A recent study shows us the impact of Habitat homeownership in the state of Georgia
Habitat for Humanity is one of the most trusted names in the world. Each independent affiliate of the international non-profit is seeking to provide decent and affordable housing to hard-working individuals and families. Homeownership is made possible through non-profit, zero-interest mortgages to families that could not own a home through conventional loans.
It is easy for affiliates to see first-hand, the impact of homeownership on someones life. Thanks to Habitat Georgia, a study was performed by Georgia Tech’s Center for Economic Development Research (CEDR) to better show how Habitat is affecting the homeowners and the communities in Georgia.
The survey took place in September of 2016 and involved calling on hundreds of current Habitat homeowners in the state of Georgia. The questions ranged from financial stability, to community involvement and education. The goal was to attach factual numbers to what we already knew, Habitat homes are vehicles to a better life.
Before becoming a Habitat homeowner, most participants rely on some form of public or government assistance. The recent study showed that Habitat homeowners as a group reported a decrease in use of nearly all public assistance programs since moving into their homes.
Government funded food assistance and healthcare were the two most widely used forms of public assistance. While nearly all areas showed decreases, these two reflected the largest percentage point decrease in usage when comparing pre-purchase and post purchase of a Habitat home.
Almost sixty percent of the participants reported that they have either “much more money” or “a little more money” since becoming a Habitat homeowner. This number solidifies the usefulness of incorporating financial education and a stable home. In addition, 74% of homeowners are better able to save money since purchasing their Habitat home. The impact of affordable housing has lasting effects.
One of the most important measurements is the effect that a stable home life has on education. Most of the time we think education only refers to our children, but this study addressed adult education as well. Forty‐three percent of adult survey respondents have started or completed higher education or training programs since becoming a Habitat homeowner. Fifty‐eight percent of the survey respondents indicated that other adults living with them started or completed an educational or training program since moving into their Habitat home. Community or technical college was the most frequently selected program, followed by a 4‐year college or university.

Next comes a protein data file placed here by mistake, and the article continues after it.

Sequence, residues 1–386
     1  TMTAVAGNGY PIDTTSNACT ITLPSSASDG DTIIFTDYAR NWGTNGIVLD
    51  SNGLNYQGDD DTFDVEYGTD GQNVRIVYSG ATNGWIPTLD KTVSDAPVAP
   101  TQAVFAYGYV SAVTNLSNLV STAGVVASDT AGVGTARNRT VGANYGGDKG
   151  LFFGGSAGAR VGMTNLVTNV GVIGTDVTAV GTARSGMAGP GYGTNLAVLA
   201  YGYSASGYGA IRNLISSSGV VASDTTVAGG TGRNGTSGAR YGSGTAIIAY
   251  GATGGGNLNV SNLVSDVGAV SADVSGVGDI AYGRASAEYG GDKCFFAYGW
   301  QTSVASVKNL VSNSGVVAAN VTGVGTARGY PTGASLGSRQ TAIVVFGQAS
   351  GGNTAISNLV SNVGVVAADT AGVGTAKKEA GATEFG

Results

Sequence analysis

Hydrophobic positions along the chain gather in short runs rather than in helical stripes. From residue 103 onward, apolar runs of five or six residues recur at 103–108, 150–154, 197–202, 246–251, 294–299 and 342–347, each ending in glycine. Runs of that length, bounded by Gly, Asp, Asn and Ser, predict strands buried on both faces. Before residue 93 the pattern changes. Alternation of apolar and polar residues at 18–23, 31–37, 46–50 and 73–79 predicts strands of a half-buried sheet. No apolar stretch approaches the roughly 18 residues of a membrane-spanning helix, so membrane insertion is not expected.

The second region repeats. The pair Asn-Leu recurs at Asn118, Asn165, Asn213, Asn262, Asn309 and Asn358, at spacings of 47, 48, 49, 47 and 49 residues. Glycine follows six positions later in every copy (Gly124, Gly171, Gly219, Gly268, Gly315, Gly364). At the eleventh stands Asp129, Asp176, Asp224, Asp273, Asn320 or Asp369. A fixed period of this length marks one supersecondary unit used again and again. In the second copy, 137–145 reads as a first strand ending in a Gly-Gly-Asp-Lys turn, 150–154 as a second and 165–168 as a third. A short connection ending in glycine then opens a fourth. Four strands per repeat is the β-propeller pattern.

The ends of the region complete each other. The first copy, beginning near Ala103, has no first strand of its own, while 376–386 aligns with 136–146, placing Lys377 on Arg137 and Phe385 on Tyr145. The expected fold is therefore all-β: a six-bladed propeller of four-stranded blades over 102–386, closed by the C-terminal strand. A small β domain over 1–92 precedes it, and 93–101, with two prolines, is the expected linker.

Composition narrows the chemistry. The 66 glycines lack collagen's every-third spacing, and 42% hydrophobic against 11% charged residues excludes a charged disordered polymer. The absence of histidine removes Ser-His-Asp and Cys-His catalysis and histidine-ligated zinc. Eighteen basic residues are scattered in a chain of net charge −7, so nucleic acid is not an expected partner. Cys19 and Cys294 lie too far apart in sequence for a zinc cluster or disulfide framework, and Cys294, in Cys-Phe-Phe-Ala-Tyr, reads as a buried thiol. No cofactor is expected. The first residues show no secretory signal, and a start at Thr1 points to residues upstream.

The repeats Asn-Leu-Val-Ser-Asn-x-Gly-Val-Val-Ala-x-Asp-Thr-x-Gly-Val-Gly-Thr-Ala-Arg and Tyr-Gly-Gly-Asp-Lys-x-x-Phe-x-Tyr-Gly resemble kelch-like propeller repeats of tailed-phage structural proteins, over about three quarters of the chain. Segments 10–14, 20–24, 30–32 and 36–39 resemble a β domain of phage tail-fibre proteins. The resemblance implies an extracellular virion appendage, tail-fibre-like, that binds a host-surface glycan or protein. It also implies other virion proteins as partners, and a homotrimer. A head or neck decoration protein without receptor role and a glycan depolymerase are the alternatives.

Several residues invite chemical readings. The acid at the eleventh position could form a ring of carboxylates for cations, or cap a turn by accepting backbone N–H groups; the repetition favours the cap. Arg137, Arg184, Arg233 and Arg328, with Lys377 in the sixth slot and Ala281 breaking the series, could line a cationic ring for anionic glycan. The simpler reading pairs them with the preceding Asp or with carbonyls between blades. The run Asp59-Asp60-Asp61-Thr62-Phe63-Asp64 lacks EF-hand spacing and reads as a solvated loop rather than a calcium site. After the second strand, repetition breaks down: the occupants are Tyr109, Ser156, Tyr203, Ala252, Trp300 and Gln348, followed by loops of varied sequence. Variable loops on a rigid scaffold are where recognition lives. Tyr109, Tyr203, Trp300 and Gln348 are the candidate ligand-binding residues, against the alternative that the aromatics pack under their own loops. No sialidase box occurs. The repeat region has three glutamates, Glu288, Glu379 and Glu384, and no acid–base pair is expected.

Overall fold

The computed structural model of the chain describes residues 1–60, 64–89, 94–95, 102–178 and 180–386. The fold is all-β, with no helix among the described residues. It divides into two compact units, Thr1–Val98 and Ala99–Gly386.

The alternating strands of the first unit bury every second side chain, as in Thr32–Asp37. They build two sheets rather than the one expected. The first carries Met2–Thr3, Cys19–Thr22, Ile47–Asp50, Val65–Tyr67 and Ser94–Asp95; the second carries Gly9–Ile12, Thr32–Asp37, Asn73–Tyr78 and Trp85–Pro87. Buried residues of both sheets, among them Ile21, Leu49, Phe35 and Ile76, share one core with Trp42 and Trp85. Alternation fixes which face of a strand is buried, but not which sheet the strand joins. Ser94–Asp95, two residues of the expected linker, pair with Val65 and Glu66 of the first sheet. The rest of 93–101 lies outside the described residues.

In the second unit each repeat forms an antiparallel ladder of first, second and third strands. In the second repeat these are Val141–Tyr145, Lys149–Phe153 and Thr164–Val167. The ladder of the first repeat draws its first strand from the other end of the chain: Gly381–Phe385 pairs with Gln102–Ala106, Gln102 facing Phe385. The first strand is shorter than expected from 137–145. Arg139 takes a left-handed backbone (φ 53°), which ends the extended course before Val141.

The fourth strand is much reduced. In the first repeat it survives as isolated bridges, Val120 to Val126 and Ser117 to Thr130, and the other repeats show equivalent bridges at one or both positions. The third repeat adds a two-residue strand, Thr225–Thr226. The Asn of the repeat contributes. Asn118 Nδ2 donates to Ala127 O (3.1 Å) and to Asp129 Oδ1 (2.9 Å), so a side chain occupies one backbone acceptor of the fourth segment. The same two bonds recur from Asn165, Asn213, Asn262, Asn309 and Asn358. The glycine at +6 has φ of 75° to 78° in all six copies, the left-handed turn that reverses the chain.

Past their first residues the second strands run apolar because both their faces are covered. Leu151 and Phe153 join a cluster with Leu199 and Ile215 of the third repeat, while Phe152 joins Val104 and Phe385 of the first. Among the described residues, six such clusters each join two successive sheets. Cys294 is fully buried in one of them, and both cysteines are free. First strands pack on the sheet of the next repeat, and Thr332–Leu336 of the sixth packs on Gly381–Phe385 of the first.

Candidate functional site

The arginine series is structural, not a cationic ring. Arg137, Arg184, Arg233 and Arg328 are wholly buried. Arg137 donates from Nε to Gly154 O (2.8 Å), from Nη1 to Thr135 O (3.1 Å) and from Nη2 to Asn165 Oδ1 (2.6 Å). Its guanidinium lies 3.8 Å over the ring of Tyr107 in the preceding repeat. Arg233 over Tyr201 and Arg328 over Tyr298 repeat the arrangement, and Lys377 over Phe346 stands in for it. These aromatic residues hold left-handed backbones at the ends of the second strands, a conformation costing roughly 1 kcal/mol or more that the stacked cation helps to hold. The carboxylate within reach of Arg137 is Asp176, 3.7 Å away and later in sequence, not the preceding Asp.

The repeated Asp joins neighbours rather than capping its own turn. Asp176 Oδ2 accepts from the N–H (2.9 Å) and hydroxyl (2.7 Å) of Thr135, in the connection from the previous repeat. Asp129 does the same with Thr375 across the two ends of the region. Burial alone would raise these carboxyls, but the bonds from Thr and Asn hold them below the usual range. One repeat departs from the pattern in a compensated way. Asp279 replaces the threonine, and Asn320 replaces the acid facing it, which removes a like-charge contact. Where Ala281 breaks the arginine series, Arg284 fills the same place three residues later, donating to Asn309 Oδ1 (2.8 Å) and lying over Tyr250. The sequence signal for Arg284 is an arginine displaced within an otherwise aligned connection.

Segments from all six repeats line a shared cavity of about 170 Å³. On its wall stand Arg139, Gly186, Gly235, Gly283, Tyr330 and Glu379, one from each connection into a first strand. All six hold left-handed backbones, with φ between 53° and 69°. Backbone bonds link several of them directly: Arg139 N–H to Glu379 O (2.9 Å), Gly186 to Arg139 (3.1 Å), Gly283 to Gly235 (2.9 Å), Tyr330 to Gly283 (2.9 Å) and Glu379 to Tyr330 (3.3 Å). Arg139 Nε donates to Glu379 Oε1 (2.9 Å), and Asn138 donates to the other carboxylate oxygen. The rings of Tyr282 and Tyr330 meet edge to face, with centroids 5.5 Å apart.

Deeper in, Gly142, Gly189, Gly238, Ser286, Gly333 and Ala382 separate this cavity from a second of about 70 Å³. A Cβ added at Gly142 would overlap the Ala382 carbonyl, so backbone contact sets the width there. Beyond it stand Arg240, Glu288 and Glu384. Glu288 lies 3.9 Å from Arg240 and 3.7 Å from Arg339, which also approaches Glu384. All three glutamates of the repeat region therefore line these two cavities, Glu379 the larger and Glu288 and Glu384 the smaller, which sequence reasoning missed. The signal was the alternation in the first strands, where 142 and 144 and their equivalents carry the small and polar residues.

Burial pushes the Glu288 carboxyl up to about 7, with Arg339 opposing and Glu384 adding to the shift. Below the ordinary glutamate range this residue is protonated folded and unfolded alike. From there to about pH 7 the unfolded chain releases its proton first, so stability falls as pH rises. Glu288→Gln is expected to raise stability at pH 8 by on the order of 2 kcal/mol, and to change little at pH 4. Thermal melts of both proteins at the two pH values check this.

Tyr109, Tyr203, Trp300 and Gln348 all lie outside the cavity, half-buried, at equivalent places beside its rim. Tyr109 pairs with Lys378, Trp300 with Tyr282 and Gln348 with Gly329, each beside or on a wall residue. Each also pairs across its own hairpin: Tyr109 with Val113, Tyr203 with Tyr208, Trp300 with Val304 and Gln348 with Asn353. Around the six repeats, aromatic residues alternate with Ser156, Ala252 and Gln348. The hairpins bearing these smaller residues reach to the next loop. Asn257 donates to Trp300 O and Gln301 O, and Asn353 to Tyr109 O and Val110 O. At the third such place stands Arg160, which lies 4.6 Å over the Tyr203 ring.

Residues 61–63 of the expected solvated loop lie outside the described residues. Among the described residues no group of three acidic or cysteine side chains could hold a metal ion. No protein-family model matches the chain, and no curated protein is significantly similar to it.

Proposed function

In Jackson County where adult education is so critical, these numbers cannot be ignored. Creating stability is not only good for the kids involved, but the parents and guardians as well.
According to respondents with children in school before and after Habitat homeownership, 42 percent said that their children’s grades were “excellent” before moving into their Habitat home. After moving into their Habitat home, the percentage of respondents rating their children’s grades as “excellent” increased to 55 percent.
Quality of Life-
Sixty‐six percent of homeowners said their feelings about themselves have changed since becoming a Habitat homeowner. The survey prompted those who have changed the way they feel about themselves to describe how their feelings have changed. Responses were synthesized into broad themes. The word cloud below illustrates the frequency of responses by those Habitat homeowners who feel differently about themselves. Respondents most commonly said they feel more confident (17 percent) and accomplished (11 percent).
Habitat homeowners shared an example of how being a Habitat partner family affected their lives and the lives of their family members. 76% reported that their lives are better now that they are in a Habitat home.
Putting it all together
The results from this study go to show that the Habitat model is working to strengthen and uplift individuals and families. We owe a huge thank you to our volunteers, sponsors, staff, board of directors, and most importantly the homeowners.
As a hand-up organization, it is the responsibility of the homeowner to make the most of these resources and their situation. This goes to show that they are making that effort and proves that opportunity and hope go a long way in changing someones life.
Habitat homeownership corresponds to…
- Increased feelings of safety
- Increased feelings of confidence in homeowners’ ability to fund their children’s college education
- Feelings of community connectedness and strengthened civic engagement
- Positive changes in family dynamics through improved relationships and increased quality time
- Enhanced feelings of personal well‐being
- A greater sense of financial security, and improved ability to save and pay bills on time
- Less reliance on public or government assistance programs